It’s been a journey to get to this point. One that has required each of us to listen both to what is spoken and to what is unspoken. In marriage, we’ve discovered what one doesn’t say is much more important than the words that are voiced aloud. It’s also been a time in which we’ve learned to give and take. It’s not just about me, or my husband, or even our kids. We have learned to make decisions for what is best for our family unit, not merely an individual.

So much so, that during a particularly trying season in our lives, we resigned from a church position where the leadership expected my husband to work 60+ hours, in addition to being out four nights during the week with work responsibilities, meetings, etc. Quickly, we realized this pace wasn’t healthy for him, our marriage, or our children. Was it scary? You bet! Were we misunderstood? Yep! Did we care? Nope! Early on, we realized if we don’t fight for our marriage and make it a priority, no one else will. Not even the church we serve.

Years ago, one of my mentors shared with me that you train others how you will allow them to treat you. And it’s true. We realized it was necessary to have and maintain healthy boundaries, to invest in our marital relationship, and to prioritize the needs of our family. Do we always hit the mark? Absolutely not! Nothing is ever perfectly balanced. EVER! We don’t always get it right, but we are committed to never giving up!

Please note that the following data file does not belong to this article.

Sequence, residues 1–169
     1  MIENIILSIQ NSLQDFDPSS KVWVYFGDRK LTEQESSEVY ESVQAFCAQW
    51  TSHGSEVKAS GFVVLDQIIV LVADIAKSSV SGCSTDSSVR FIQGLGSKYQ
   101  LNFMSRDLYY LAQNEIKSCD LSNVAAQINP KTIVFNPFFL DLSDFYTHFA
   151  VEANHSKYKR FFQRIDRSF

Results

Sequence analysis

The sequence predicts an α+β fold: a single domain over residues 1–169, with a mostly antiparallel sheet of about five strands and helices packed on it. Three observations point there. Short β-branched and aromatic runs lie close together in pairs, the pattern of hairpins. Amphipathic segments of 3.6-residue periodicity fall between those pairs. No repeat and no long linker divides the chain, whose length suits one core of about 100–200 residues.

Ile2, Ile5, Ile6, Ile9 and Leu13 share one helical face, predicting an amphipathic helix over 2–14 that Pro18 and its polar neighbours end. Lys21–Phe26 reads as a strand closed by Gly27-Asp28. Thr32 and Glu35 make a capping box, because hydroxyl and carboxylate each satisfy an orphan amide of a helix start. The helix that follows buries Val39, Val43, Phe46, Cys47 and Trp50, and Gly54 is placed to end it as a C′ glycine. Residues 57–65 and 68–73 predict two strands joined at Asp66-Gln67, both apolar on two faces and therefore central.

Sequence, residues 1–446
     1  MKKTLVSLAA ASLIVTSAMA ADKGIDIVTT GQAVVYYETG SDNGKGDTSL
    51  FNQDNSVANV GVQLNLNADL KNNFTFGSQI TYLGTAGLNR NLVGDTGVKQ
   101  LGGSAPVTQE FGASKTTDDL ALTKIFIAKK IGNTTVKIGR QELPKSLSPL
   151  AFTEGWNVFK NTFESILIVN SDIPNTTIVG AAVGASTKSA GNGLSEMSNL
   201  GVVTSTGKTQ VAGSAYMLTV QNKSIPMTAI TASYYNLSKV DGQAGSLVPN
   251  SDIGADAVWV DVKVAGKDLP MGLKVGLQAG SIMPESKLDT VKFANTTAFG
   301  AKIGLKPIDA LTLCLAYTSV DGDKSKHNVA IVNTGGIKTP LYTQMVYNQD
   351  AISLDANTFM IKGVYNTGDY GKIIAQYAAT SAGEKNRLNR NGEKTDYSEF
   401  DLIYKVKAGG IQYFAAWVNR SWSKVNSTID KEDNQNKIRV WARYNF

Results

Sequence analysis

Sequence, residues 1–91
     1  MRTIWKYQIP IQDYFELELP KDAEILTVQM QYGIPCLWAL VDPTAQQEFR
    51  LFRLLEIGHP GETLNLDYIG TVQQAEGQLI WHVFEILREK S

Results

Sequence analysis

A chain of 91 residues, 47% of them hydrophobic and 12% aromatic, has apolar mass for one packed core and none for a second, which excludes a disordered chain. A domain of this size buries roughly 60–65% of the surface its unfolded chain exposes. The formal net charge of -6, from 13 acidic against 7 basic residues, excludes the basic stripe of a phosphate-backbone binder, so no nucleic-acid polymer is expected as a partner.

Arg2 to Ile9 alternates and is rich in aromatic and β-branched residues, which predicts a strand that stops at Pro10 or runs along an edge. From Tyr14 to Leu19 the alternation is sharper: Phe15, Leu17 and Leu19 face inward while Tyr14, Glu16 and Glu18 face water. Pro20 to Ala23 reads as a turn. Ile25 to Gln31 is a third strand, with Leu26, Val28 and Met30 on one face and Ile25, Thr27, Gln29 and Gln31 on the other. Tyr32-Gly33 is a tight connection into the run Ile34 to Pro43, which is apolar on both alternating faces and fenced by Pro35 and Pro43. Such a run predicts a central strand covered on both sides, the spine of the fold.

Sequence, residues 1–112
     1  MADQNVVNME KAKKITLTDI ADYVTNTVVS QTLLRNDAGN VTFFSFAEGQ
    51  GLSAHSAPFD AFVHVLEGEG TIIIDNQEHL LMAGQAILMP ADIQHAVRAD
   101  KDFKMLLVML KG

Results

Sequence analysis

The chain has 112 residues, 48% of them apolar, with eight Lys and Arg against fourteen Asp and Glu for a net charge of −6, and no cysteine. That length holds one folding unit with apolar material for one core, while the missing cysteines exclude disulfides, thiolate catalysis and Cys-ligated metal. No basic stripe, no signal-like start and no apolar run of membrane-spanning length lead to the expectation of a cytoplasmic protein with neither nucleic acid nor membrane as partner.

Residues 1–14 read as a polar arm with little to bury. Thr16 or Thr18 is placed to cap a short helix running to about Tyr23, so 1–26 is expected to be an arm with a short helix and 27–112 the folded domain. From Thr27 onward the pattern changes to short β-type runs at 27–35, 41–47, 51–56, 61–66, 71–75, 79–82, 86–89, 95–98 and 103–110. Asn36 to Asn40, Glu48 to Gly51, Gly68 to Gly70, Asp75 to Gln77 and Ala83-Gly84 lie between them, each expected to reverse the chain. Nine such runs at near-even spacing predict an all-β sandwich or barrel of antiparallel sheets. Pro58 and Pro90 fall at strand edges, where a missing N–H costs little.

So what have we done?

TAKE DAYS OFF
Perfect, we are not. But we make sure to take our days off. For us, those are Monday and Tuesday. In ministry, emergencies do arise. But thankfully, our church staff doesn’t call us unless it’s a true emergency. Likewise, we don’t call upon our staff on their days off unless it’s a true emergency, and their presence is absolutely required.

Mondays are our Sabbath. We rest. All of us, even our kids. No work, no homeschooling. As a rule, Tuesdays are for running around, doing errands, completing house/yard work, etc. By prioritizing and setting aside these two days, we are better prepared for the demands of ministry, the emergencies that do arise, as well as day-to-day responsibilities of home and family.

Although I have another job (music studio), I have made the decision to organize my work schedule to match my husband’s to where we have our days off together. This has prohibited financial gain and reduced the number of students I’m able to accept into my studio. But once again, my marriage and family are more important. In the midst of it all, we’ve learned to live below our means, maintain a creative budget, and to be frugal with our finances, especially with residing in a high cost-of-living area. This affords us the opportunity to work lower paying jobs because we are called to them. As a result, quite a bit of stress has been taken off of us.